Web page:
The University of Manchester




Press release – immediate release - 16 December 2011

Researchers at two British universities are researching the labour market experiences and aspirations of London’s undocumented migrants from three minority ethnic communities. The research, which focuses on Chinese, Bangladeshi and Turkish (including Kurdish) migrants, explores the social networks which undocumented migrants utilise and their decisions to use or not to use co-ethnic networks in their search for work in and out of ethnic enclaves. An important aspect of the research is that it will also look at the motivations of employers in ethnic enclave employment, in relation to the employment of undocumented migrants. The researchers are keen to get in touch with undocumented migrants and with employers who would be prepared to tell their stories, in complete anonymity.

The size of the undocumented migrant population in the UK is estimated at anywhere between 500,000 and 800,000, with London being a major destination for undocumented migrants. The research aims to explore the routes through which they access work and to examine the reasons why some use co-ethnic networks while others do not, exploring whether these choices change over time. Researchers will also investigate the circumstances where network building might either overcome disadvantage or alternatively weaken an ability to fight for additional advantage. London is also the location of many ethnically owned businesses that provide lifelines to the city’s most marginalised and deprived communities. Here the researchers will explore, from the perspectives of these employers, the value of social networks as a mechanism for recruitment and the ways they may or may not differentiate between workers, based on their immigration status.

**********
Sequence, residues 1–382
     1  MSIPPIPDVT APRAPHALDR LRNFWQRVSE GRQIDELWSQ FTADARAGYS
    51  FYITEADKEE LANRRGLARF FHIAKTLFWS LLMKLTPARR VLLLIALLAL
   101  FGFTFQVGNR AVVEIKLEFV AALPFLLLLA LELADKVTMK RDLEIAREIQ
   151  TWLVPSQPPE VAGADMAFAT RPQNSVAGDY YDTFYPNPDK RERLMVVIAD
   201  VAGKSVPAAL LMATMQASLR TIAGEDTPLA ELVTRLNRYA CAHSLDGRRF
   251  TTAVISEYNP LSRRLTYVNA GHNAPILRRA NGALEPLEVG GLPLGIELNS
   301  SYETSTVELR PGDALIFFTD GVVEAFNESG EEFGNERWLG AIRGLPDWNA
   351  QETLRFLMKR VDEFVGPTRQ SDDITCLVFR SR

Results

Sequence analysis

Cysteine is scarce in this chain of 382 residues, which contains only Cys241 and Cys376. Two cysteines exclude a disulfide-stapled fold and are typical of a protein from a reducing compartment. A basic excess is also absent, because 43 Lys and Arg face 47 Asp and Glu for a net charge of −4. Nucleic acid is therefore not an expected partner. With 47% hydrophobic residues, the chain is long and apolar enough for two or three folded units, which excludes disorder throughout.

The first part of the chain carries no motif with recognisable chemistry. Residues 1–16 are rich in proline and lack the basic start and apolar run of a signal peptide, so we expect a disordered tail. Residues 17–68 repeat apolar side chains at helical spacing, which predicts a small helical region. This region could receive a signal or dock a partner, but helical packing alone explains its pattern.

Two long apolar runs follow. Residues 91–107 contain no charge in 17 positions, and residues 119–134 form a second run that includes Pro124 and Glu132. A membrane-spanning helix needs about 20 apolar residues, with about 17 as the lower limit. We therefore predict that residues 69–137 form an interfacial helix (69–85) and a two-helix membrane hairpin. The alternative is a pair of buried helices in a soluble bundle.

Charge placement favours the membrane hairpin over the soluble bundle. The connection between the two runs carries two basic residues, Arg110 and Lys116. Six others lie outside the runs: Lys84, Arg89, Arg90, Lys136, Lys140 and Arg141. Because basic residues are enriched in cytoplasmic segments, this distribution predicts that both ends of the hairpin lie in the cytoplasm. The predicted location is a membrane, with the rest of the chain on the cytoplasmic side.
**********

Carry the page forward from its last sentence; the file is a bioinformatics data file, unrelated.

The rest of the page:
A Project Advisory Group (PAG) has already been established with representation from employers, trade unions, NGOs, community based organisations, academics and statutory bodies. The PAG is working closely with the researchers, in assisting them in accessing research participants for the interviews which will take place through the first half of 2012.

The research, which is funded by the Economic and Social Science Research Council, is led by Professor Alice Bloch from Manchester University and Professor Sonia McKay from the Working Lives Research Institute (WLRI), London Metropolitan University. Two researchers, Dr LeenaKumarappan and JawadBotmeh, both based at WLRI, are also working on the project, which in due course will also be employing three fieldworkers to carry out the interviews. The project welcomes community level participation and further information on its aims and objectives can be obtained from:

For further details about the research contact Dr LeenaKumarappan: Tel: 020 7320 3013; email: